Biological Response of Human Bone Marrow-Derived Mesenchymal Stem Cells to Commercial Tantalum Coatings with Microscale and Nanoscale Surface Topographies
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Tantalum is a promising orthopaedic implant coating material due to its robust mechanical properties, corrosion resistance, and excellent biocompatibility. Previous studies have demonstrated improved biocompatibility and tissue integration of surface-treated tantalum coatings compared to untreated tantalum. Surface modification of tantalum coatings with biologically inspired microscale and nanoscale features may be used to evoke optimal tissue responses. The goal of this study was to evaluate commercial tantalum coatings with nanoscale, sub-microscale, and microscale surface topographies for orthopaedic and dental applications using human bone marrow-derived mesenchymal stem cells (hBMSCs). Tantalum coatings with different microscale and nanoscale surface topographies were fabricated using a diffusion process or chemical vapor deposition. Biological evaluation of the tantalum coatings using hBMSCs showed that tantalum coatings promote cellular adhesion and growth. Furthermore, hBMSC adhesion to the tantalum coatings was dependent on surface feature characteristics, with enhanced cell adhesion on sub-micrometer- and micrometer-sized surface topographies compared to hybrid nano-/microstructures. Nanostructured and microstructured tantalum coatings should be further evaluated to optimize the surface coating features to promote osteogenesis and enhance osseointegration of tantalum-based orthopaedic implants.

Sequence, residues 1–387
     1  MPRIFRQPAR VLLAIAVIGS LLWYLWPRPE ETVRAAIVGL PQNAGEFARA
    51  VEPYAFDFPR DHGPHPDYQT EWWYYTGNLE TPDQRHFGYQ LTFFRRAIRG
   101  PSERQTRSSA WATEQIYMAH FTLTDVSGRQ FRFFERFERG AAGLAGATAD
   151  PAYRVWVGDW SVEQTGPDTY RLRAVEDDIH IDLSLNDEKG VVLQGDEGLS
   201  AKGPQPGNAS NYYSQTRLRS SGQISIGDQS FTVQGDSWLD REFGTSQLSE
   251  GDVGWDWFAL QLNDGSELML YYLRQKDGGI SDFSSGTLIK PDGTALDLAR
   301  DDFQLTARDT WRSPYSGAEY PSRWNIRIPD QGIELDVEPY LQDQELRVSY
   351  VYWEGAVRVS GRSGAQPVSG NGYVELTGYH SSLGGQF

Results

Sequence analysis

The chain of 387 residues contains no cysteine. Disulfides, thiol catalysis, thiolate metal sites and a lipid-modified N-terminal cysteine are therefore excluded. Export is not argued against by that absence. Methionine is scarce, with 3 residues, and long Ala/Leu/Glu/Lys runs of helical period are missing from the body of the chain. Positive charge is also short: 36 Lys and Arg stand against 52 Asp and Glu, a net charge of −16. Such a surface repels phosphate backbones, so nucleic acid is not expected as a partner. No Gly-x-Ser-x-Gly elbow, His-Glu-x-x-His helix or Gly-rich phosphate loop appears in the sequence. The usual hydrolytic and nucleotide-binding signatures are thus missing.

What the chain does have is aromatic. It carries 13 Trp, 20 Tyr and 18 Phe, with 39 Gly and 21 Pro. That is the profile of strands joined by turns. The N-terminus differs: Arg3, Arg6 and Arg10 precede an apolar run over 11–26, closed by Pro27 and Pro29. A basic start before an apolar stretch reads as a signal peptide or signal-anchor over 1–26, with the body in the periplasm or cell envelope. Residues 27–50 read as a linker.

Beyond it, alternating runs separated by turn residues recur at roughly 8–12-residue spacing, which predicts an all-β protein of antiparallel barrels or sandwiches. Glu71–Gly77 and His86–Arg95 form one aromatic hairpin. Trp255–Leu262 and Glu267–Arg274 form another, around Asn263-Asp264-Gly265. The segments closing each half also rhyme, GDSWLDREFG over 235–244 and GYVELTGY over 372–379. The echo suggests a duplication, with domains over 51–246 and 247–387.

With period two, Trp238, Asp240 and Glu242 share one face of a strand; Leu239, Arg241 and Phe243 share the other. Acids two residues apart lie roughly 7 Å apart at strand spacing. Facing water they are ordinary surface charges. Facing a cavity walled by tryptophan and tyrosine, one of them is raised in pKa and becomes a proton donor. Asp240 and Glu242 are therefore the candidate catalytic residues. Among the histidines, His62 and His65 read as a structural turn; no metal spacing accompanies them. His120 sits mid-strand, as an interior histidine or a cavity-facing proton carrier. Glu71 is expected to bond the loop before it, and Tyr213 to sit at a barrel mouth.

KeywordsContact Angle Tantalum Osteogenic Differentiation Water Contact Angle Paxillin
Shelby Skoog was supported in part by NSF Award #1136330. The authors acknowledge the use of the Analytical Instrumentation Facility (AIF) at North Carolina State University, which is supported by the State of North Carolina and the National Science Foundation. The authors would like to acknowledge Chuck Mooney for assistance with SEM and EDS.
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